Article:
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7. Unplug things when not in use and when you’re gone for an extended period of time. Even if an appliance or electronic is “off,” it can still be sucking volts from the outlet. a TV with a remote could use more energy during the 20 hours it is turned off waiting for you to turn it on than it does while you are watching it for 4 hours in the evening,” so be sure to pull the plug.
6. Keep the heat at or below 68 degrees in the winter and choose to wear an extra thick sweater. And don’t open any windows when the heat or A/C are on. To save on heating itself, close off any rooms you’re not in so the heat doesn’t go away.
5. Use the clothes dryer as seldom as possible, try to dry your clothes outside or on the line. Even when it’s cool and rainy outside you can set up a clothes line in the bathroom or simply purchase a cheap foldable drying rack .
4. Use compact fluorescent light bulbs (CFLs) (They usually use a quarter of the energy compared to their counterparts) or any other energy saving light bulbs. And remember to switch these off when you leave a room. Eventhough these light bulbs cost more than regular bulbs, they will last longer and will save more energy in the long run.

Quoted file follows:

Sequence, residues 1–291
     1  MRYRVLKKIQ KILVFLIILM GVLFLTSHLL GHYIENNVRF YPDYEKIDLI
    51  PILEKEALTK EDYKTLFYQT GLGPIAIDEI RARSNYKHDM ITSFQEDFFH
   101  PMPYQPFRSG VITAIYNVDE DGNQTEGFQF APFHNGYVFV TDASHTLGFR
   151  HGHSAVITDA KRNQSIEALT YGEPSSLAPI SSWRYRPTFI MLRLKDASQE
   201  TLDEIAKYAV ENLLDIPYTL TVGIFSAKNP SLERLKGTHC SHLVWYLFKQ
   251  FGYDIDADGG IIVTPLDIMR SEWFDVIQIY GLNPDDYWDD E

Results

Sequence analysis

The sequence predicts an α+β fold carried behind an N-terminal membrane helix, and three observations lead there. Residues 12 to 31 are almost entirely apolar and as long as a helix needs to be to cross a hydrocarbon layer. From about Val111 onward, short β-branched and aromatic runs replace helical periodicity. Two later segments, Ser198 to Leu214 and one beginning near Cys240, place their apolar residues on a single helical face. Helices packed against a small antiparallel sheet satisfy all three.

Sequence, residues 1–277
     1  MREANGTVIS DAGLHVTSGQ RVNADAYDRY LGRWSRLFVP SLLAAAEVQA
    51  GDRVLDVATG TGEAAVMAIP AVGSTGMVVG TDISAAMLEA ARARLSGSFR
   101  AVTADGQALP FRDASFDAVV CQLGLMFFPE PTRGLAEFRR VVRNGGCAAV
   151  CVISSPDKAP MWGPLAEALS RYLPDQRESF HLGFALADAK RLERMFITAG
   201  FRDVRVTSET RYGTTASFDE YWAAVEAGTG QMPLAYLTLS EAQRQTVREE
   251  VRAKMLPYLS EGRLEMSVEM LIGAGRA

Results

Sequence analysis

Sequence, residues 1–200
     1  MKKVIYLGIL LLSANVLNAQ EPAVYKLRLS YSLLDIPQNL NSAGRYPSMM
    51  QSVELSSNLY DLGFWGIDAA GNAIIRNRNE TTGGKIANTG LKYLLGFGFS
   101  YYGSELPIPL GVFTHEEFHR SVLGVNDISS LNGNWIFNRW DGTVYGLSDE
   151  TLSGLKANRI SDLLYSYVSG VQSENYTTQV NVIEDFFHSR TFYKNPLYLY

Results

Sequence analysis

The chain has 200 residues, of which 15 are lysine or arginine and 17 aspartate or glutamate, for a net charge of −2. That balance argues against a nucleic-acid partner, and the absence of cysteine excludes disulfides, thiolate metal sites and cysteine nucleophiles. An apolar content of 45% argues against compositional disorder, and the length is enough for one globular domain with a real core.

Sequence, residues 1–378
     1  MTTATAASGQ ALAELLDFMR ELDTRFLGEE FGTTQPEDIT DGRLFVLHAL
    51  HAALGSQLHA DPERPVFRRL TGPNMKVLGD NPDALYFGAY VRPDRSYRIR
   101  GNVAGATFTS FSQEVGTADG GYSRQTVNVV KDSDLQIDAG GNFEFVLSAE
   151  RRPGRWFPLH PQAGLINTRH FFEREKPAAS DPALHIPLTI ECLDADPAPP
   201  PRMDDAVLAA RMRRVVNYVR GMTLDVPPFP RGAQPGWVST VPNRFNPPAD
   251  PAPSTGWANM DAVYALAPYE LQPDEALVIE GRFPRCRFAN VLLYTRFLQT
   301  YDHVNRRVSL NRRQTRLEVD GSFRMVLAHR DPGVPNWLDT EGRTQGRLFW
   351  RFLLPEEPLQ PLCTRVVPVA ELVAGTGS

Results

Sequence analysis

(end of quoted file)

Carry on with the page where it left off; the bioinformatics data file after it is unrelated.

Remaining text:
3. Look for Energy Star rated appliances and electronics when replacing old equipment. Old appliances often use more electricity as they haven’t been designed or manufactured with ecological usage in mind.
2. Use green energy. Buy renewable energy or carbon offsets from your energy provider or you can even install some solar panels to generate your own electricity. Green energy come from natural resources and thus avoiding the use of other polluting energy sources.
1. Try to use as much natural light as much possible you can instead of electric light. If there’s no need bright light you can light a single lamp and create a more atmospheric scene with a dimmed light. You could even light some candles instead for some additional romance and coziness.